- We examine our motives, so that we can serve others with an unselfish heart.
- We understand our biases, so that we can love others more unconditionally.
- We uncover our privilege, so that we can learn to humble ourselves and lift others up.
- We discover the beam of wood in our own eyes, so that we can look toward others and their specks, to help them to see themselves rightly, to help them have healthier relationships.
- We ask ourselves how we would want to be treated, so that we can treat others in a similar way.
It is a two-part process. Self-examination, which leads to service. Which is how Jesus finishes the Sermon on the Mount, with a parable about this two-part process. There are some folks who hear this stuff, but think that they are above it. They don’t need to examine their own hearts. They don’t need to do their own work. Those folks are like the guy who builds a house on the edge of a sandy cliff. He has a great view, until the first time it rains. The first good storm, and his house will be upside down at the bottom of the cliff. Other folks, though, hear this stuff and take it to heart. They do their work internally, so that they can do their work externally. They engage in self-examination, so that they can become servants. Those folks are like those who build their house on a solid foundation of rock. They have a house that will stand, throughout the storms of life.
Which is the Good News of this story. Let me offer an admission. When the worship team suggested that we spend several weeks in the Beatitudes and the Sermon on the Mount, I gritted my teeth a little. Because for a lot of us, the Sermon on the Mount can feel a lot like another set of “oughts.” Another Holy To-Do List. Some of you might have wondered that, throughout the series, and throughout this morning.
“Wait a minute! Preacher, I don’t think you know me at all. I examine myself all the time! I spend a significant part of my waking and sleeping hours, worried about ways that I fall short of who I am supposed to be! Would you like to see my collection of self-reflection? Here is my white guilt. And here is my Calvinist, religious guilt. And over here is my collection of perfectionism…the voices that tell me most of the time that I am doing it wrong!”
And for a lot of us, this is where we need a reminder of anavah. Of seeing ourselves rightly. Self-reflection is not just self-flagellation. Beating ourselves up because we think it makes us feel better. For Jesus, these principles, and this ethic, doesn’t seem to be about knocking us down a few pegs, through some of us might need that. It is about reminding us where we stand. Throughout the Sermon on the Mount, Jesus references the law and the prophets. These are the Old Testament principles that each one of them had heard since they were born. Mishpat and tzadiquah. Justice and righteousness. Care for the widow, the orphan, the stranger. Love the Lord your God with your heart, soul, mind, and strength. Love your neighbor. From the top of this mountain, Jesus tells them “you know all this stuff.” He reminds them that they stand on a tradition and a history of neighbor love and worship of the Holy. He reminds us the same thing. We know this stuff. Now, let’s do it.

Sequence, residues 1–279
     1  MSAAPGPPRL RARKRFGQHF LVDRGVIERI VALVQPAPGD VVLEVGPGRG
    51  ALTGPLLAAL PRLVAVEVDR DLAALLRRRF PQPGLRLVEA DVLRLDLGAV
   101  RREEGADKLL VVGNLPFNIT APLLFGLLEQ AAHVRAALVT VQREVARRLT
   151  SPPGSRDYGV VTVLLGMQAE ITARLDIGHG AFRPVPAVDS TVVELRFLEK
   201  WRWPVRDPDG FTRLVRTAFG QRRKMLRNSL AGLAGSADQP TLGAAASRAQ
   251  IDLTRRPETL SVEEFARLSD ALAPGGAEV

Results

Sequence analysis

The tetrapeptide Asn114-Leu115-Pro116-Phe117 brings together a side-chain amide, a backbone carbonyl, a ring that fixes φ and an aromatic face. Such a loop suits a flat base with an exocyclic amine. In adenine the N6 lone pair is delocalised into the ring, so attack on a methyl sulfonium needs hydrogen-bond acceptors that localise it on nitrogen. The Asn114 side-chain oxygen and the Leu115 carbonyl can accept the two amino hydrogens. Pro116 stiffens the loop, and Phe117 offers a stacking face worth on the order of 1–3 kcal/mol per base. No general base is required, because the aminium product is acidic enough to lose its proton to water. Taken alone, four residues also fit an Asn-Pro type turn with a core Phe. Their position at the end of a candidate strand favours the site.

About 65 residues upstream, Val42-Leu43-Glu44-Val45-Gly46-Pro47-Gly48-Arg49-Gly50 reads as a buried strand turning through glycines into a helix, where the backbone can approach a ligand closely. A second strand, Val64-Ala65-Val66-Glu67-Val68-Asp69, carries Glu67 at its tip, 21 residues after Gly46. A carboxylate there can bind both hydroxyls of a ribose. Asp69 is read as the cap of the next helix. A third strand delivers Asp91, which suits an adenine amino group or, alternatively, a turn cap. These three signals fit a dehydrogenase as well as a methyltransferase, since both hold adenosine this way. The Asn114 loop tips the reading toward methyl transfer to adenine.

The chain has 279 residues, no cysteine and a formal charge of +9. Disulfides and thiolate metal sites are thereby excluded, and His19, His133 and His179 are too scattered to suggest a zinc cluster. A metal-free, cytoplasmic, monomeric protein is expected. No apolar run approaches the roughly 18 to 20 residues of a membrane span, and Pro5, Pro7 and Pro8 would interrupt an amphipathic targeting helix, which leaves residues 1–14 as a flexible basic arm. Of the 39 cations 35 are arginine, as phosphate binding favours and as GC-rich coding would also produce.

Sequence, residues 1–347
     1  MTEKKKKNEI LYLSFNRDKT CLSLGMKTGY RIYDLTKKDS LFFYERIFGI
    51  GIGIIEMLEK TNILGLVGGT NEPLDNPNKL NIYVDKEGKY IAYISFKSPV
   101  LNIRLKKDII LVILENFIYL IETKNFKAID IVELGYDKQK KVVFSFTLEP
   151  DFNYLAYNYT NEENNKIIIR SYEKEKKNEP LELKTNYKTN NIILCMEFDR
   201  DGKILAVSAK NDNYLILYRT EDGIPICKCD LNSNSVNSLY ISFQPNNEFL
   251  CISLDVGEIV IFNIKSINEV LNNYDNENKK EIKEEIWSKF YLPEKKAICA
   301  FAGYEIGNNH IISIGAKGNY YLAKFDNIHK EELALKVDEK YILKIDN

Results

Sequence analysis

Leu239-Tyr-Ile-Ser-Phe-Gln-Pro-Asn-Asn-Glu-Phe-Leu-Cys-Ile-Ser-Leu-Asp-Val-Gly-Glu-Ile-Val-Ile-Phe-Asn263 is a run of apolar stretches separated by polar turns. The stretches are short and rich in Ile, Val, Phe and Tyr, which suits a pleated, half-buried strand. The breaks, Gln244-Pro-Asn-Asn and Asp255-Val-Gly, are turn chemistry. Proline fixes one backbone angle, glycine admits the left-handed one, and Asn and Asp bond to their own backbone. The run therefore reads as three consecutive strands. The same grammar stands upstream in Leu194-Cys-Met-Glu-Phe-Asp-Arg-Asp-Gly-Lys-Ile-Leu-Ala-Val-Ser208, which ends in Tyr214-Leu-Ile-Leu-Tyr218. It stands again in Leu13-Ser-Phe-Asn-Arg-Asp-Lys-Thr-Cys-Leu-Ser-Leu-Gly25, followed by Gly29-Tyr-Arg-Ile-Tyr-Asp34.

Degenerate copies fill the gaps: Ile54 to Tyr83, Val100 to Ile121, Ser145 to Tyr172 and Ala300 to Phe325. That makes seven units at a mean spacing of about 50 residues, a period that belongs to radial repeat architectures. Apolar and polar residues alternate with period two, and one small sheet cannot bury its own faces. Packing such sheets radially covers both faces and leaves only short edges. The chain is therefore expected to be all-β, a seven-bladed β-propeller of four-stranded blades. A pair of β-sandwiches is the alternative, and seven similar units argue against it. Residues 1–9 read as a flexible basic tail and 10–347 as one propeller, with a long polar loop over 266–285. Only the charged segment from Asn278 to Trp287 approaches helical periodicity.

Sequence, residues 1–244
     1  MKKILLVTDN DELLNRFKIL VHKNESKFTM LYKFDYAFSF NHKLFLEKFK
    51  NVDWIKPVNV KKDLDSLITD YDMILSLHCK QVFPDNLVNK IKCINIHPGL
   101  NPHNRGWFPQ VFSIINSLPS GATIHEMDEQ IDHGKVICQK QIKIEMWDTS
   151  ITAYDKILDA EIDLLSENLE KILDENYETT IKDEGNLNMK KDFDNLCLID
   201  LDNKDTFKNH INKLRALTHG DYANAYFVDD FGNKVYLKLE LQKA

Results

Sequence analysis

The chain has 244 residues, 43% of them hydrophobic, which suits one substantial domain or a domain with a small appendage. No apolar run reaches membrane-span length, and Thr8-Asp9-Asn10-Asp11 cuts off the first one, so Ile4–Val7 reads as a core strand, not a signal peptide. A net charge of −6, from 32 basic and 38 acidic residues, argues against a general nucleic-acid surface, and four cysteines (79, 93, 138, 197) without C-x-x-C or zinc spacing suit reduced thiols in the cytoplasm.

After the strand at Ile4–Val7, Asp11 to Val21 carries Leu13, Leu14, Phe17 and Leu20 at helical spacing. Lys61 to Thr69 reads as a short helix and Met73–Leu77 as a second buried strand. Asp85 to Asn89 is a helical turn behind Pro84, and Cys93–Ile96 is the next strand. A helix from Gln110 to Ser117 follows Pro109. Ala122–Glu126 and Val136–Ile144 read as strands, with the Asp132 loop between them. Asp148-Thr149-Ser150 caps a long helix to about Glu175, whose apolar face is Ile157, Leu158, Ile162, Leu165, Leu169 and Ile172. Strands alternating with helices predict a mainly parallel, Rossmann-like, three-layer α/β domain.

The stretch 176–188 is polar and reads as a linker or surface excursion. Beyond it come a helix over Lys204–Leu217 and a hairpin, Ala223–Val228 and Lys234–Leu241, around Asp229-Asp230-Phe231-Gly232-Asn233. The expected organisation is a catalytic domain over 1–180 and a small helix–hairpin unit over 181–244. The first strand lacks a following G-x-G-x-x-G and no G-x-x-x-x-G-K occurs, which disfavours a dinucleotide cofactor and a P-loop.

Let’s talk about the top of a mountain. You didn’t seriously think that I would preach a five week series about a bunch of people standing on top of a mountain, and not have a mountain story!?! Imagine with me that we had just climbed a mountain. A 14-er maybe. After all of that work we get to the summit, which is often broad and spread out. What is the first thing that we do? Look for the rock. You know the rock I mean. The rock that is just a little taller than the rest of them. The tip top of the summit. It might have the geological marker on it, signifying the summit. Often times you can tell the rock because it is where everyone is standing taking selfies! If you are going to do all of that work, you are going to make sure you make it to the very top!
Let me say all of this another way. Sometimes the Sermon on the Mount feels like a blunt object. It feels like something that we use to beat up ourselves and others. “Be more humble. Be more holy. Be perfect as your heavenly Father is perfect.”
But the last words in the passage were not “the crowds heard what he said and slunk home feeling guiltier than ever.” It said that they were amazed. They were empowered. Jesus preached these words to them to remind them where they stood. I don’t think it was an accident that Jesus preached this whole thing from the top of a mountain! Standing on top of the mountain, Jesus reminded them the rock on which they stood. The wisdom that they already had inside of them.
Jesus has called together his disciples. He has gathered a crowd. He has invited all of these people up to the very top of the mountain so that he can remind them of the rock upon which they are already standing. For Jesus, the rock is not something to beat them up with. It is the top rock, the solid rock, the foundational rock, from which they can rightly see themselves and the world. Today, Jesus invites us to join him on the top of that rock. On the foundation that we already know. In order to empowered. Encouraged. Elated. To live the life that God has created for us.